When you meditate, you learn your own brain. What it does and how it does. It’s a kind of self-study that progresses even without a particular goal. As you practice, you notice and as the observations persist and increase, you notice patterns.
Now, judgment and self-critique do not benefit this process. Statements that begins with “I should” or “I wish I could” set up a cause-effect sequence that yields nothing positive — and may prove harmful. Let silence be silence. Let the lotus bloom.
All that being said, I have noticed that I have a brain that chatters. My particular chatter pattern flows in sentence starters. I hear my mind form six or seven words of a sentence. Starters that suggest, but provide, no ending.
In my meditation practice, I have learned to sit in a nook that provides me with safety. One such nook is the corner of the sofa in my Mission flat. I can lean back into it and feel held. I can forget about holding a posture. I can allow my breathing and my mantra to become the only focus.
In my descent into a meditative state, I first heard the chatter in my brain. Over several months, I found this chatter to be something separate from me. And, the discoveries continued. I observed that brain activity occurred at different levels. In terms of a body of water, I called these the surface, just below the surface, and deep blue.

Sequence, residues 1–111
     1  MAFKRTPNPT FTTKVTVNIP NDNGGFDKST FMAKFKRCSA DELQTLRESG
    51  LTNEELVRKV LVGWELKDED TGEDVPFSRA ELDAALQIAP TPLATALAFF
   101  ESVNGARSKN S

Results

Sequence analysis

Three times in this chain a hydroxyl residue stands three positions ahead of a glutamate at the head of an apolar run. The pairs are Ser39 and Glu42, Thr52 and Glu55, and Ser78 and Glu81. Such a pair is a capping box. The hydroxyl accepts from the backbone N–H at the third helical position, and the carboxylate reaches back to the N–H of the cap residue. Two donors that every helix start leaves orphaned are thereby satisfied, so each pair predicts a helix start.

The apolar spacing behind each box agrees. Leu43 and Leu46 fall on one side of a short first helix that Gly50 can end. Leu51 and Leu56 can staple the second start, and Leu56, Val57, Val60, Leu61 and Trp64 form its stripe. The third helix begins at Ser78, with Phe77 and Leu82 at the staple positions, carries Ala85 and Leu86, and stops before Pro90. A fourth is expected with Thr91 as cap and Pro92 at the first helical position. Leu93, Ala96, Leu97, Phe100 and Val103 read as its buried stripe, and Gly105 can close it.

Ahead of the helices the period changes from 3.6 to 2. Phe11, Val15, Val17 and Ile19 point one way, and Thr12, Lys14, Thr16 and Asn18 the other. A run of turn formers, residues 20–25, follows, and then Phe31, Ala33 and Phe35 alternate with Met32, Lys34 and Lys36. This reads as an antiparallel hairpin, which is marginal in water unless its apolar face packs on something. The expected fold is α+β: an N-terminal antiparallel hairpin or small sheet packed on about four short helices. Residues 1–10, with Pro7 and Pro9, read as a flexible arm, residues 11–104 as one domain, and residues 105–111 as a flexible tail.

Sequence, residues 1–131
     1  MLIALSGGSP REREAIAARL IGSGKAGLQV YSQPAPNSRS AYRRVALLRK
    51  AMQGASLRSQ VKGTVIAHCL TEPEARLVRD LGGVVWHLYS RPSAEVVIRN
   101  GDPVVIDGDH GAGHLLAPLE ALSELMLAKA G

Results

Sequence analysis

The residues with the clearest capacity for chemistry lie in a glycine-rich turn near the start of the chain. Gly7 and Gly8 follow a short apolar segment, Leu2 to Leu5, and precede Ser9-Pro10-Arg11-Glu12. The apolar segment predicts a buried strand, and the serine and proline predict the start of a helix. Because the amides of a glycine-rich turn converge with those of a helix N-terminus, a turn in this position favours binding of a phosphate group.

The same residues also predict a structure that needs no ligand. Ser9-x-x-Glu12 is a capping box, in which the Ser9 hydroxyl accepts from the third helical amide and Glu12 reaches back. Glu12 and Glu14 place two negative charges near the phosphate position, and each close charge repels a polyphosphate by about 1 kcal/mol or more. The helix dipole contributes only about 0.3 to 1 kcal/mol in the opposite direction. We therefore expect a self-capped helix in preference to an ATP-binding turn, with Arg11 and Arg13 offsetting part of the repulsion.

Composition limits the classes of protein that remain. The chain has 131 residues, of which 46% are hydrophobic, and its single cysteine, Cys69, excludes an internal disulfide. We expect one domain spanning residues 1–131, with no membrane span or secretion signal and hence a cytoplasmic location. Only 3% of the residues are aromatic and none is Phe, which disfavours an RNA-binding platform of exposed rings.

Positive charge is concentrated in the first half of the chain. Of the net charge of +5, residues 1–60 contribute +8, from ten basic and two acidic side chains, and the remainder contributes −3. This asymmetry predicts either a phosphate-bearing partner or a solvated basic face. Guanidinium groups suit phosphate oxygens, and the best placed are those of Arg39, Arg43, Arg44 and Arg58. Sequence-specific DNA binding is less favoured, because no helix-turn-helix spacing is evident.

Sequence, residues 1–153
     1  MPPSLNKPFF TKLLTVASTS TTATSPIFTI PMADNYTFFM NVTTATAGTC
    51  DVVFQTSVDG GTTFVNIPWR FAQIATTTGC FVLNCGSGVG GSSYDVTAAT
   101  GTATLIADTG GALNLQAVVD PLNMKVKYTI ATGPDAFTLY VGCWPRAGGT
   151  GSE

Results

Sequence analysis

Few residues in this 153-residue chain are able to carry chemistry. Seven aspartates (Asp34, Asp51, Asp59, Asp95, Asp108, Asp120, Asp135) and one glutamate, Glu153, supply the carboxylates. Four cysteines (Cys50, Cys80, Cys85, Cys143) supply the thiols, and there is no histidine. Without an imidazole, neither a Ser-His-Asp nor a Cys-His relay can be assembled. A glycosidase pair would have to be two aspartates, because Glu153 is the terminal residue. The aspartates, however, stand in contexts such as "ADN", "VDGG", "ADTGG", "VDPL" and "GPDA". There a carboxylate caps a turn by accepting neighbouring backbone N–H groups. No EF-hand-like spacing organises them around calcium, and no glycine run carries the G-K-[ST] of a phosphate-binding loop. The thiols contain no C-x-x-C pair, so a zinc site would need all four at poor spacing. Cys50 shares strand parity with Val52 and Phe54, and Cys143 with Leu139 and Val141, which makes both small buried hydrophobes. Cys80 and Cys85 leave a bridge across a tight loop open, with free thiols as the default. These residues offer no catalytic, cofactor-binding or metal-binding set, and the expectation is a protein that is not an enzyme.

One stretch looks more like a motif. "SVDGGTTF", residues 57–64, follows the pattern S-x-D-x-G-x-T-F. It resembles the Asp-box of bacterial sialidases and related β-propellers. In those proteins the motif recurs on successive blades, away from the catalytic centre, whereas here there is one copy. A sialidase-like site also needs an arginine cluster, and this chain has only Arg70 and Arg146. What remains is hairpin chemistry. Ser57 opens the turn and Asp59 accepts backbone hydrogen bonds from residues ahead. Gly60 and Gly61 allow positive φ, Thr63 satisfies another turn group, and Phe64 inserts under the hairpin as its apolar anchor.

Chatter transpired on the surface. I had to learn to drop below the surface. Silence and a mantra helped. That’s when I found that what my brain said stood apart from who I was — and that discovery proved to be an important key. I was not the words and sentence starters.
I also learned that the chatter did not cease. Ever. People talk about calming the mind. That I can embrace. But if anyone tells you that he can empty his mind of all thought, he may be lying. Once the brain adopts language, chatter becomes a constant. It never ends.
Then came a set of questions. I asked, who is the “I” that noticed I was not the noise? I know that I am not the first to ask this question, but that’s not my point. I am asking this question of myself because it emerged as an essential and a personal one.
My discoveries continued. For example, beyond the first question — who am I beyond the chatter — I noticed that the sentence stems my brain generated lacked endings. They were fragments — conversation starters that lacked any commitment to a particular conclusion.
A progression may be unavoidable once one starts on this journey. I, for example, found that my thoughts sometimes came on like strong beliefs. Other times, they sounded like excited epiphanies, but as my breathing and chanting continued, this energy dissipated the way sage smoke might. I found myself stumbling to the edge of an empty place.
When you stumble onto silence for the thousandth time, you surrender to it. The silent precipice does not require any sort of dogma to interpret. Declarative statements are a form of noise and all forms of noise, or so I have learned, mask this silence. Silence just is.
To the things I felt certain I believed. To convictions I have declared with fervor. To the moments, whether in the present, in imagination, or in memory, that bring me to tears. What gives rise to these deeper currents? What exists beyond that? And what about the realms where I perceive no current whatsoever?
As I sit with chanting and allow my “me” to disappear, I am still here, but I am less explicable in words. I ask what existed before this beginning? I ask what touches me when the words have left and I am nothing more than a slow pulse on a single cushion in a quiet room.
Is this something that I need to explain?